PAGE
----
Plugging The Gap: Servicing The Typical Student


The last 5 years have seen a huge focus in developing high-end student accommodation. There are some really creative and luxurious accommodations around, but there is evidence that this is creating a gap in the market.

Before investors flock to continue building more luxury blocks, it’s important to consider the demographic in the proposed area and the affordability of their investment. No doubt that there is a strong market for high-end accommodation but it is only affordable to a small percentage of the population: we need to be careful not to inject funds into an already saturated market.

Karen Burke, Head of Accommodation Services, Sheffield Hallam University said at the Westminster Higher Education Forum on 20th June this year “Are we over-providing now?  Somebody told me about a property that’s got a private dining area and the feedback to one of the directors of the company said, it’s great, we’ve had 75% of use in that space where they’ve booked out, cooked and eaten with their friends, but the 75% were five students, there was nobody else that used it.“ This type of analysis on current models is fundamental in developing successful, valuable and full accommodations.

In a market that is quickly becoming saturated with high-end living, it is important for investors to see the potential in providing good quality, affordable accommodation. Of course, its lovely to be able to showcase cinema’s and bowling alleys to students but they cost more to the investors and the students, if they’re underused everybody loses. There is no denying that amenity spaces are important, but we need to consider what is needed most.

Since the trebling of fees, students work harder to receive value for money from their education. Often meaning they ditch the stereotypical weeknights on the town for study sessions. Keeping student trends as the forefront of our minds allows us to develop accommodations that provide the best value for money for us and for our customers. Social and private study spaces will promote productivity and are more likely to be used and appreciated than an entertainment space: they’re also cheaper to develop and maintain.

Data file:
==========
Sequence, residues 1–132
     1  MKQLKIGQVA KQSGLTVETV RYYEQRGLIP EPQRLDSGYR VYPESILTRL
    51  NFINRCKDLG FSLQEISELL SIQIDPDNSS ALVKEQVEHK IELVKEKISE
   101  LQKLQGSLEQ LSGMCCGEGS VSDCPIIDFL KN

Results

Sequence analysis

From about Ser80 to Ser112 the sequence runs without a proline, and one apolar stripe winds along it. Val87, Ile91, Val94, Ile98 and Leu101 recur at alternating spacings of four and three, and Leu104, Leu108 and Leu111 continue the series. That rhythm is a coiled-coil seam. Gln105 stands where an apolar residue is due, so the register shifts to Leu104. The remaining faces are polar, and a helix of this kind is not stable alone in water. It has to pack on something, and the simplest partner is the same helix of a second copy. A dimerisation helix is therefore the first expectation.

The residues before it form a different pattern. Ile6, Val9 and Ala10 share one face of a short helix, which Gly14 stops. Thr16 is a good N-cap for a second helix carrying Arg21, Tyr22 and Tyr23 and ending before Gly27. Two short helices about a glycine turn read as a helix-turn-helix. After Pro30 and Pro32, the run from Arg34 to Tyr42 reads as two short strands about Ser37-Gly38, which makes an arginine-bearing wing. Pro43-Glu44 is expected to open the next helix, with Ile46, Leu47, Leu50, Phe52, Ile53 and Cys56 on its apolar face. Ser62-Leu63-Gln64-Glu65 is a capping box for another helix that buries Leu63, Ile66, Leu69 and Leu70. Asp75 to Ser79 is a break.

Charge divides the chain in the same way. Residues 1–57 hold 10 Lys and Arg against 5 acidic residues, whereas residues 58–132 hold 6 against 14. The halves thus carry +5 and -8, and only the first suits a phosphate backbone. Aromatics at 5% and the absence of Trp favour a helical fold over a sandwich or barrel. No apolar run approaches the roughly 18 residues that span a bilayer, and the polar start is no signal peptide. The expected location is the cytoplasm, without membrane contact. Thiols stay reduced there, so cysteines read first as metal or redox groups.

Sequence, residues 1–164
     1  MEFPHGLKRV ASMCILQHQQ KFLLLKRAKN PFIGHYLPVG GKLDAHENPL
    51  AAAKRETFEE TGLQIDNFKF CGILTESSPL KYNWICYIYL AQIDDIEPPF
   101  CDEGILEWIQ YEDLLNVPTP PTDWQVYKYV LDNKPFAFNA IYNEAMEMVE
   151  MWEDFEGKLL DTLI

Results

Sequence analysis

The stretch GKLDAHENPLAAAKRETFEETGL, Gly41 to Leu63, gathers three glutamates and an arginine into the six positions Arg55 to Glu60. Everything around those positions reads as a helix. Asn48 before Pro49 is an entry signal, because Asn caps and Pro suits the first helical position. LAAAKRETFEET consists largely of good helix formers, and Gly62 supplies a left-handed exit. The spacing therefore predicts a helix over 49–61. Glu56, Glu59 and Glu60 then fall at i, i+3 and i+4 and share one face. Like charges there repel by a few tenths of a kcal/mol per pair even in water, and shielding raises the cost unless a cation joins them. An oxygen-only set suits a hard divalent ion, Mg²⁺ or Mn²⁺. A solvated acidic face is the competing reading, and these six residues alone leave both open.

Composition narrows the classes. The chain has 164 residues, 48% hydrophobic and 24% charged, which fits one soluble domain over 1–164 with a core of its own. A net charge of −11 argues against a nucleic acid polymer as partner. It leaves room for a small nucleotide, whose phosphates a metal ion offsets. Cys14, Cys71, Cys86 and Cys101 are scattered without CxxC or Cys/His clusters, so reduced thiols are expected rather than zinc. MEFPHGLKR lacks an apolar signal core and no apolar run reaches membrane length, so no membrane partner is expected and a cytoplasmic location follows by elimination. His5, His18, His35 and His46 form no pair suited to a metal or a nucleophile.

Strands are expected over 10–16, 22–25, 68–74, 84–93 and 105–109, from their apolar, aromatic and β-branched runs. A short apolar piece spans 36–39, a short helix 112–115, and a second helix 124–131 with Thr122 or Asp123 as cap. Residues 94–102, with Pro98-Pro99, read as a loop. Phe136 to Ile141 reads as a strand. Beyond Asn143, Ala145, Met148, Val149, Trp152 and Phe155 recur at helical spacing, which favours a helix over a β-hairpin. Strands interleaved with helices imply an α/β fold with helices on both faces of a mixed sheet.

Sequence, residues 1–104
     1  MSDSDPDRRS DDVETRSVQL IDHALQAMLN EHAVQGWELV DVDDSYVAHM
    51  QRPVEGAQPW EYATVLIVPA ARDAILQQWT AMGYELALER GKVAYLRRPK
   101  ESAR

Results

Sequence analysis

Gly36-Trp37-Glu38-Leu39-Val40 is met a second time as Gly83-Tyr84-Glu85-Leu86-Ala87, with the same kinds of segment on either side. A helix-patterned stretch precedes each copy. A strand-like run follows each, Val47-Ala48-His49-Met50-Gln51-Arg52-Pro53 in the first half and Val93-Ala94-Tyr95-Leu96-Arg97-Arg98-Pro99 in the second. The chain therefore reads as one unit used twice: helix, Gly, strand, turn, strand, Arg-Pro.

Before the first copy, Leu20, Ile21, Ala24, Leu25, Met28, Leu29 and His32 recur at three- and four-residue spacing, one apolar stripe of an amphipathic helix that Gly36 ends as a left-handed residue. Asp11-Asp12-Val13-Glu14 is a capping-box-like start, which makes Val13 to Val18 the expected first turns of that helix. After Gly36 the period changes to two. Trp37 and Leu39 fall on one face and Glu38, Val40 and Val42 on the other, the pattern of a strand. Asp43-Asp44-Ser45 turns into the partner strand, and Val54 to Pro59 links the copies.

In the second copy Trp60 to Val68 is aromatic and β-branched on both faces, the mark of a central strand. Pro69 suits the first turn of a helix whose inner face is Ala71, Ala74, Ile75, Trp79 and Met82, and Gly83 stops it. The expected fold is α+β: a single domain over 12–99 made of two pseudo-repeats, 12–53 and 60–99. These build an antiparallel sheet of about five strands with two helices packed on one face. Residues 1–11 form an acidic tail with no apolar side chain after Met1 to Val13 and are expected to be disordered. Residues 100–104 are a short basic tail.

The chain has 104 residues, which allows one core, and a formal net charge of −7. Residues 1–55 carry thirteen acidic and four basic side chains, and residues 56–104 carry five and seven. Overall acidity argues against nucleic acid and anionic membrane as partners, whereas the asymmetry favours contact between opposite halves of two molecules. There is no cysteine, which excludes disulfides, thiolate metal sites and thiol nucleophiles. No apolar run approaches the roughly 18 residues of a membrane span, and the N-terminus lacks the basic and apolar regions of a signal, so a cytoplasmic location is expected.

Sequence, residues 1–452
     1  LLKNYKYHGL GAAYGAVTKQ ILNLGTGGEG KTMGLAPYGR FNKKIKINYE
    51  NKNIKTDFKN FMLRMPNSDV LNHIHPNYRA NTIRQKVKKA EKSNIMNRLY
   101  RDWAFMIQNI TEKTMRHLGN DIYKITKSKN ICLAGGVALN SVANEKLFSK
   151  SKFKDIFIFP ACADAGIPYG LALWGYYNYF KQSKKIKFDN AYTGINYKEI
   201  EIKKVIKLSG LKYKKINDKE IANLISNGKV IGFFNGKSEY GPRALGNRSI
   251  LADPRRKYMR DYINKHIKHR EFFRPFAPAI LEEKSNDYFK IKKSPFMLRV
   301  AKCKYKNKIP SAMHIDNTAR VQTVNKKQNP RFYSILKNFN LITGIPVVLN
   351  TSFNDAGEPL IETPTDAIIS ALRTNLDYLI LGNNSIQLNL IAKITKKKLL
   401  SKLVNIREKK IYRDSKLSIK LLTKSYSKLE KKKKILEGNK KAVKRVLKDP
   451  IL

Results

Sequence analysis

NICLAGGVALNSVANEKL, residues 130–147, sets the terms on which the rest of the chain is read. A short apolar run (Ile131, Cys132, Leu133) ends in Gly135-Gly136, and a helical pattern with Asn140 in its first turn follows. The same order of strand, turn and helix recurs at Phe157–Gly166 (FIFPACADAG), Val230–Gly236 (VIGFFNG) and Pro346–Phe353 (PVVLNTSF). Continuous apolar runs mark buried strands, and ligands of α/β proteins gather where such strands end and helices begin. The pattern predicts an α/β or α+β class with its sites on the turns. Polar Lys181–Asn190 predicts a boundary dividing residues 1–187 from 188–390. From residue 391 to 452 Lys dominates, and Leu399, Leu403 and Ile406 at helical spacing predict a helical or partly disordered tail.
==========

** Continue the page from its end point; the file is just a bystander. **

For those unable to afford concierge services and swimming pool,s we need to invest in sites that promote wellness and productivity; spaces that feel homely with well thought out lighting and colours. Accommodation with community spaces without the frills and hefty rental and development costs.

The prices of high-end accommodations are often beyond what student finance facilitates, therefore, in order to afford such luxuries, they are having to rely on funding from parents or take on jobs that often detract from their studies. By developing more high quality and affordable accommodations, developers will be enriching the student experience. With 36% of students stating financial difficulties as a cause of mental health problems it’s important to consider this when designing accommodation. Being happy in their accommodation is a large part of student well-being, as is affording the lifestyle. Whilst accommodations with the highest yields are attractive to developers and investors, the largest portion of the student markets cannot facilitate the rental costs ad with rent marring the student experience, investment into a more affordable model is much needed.

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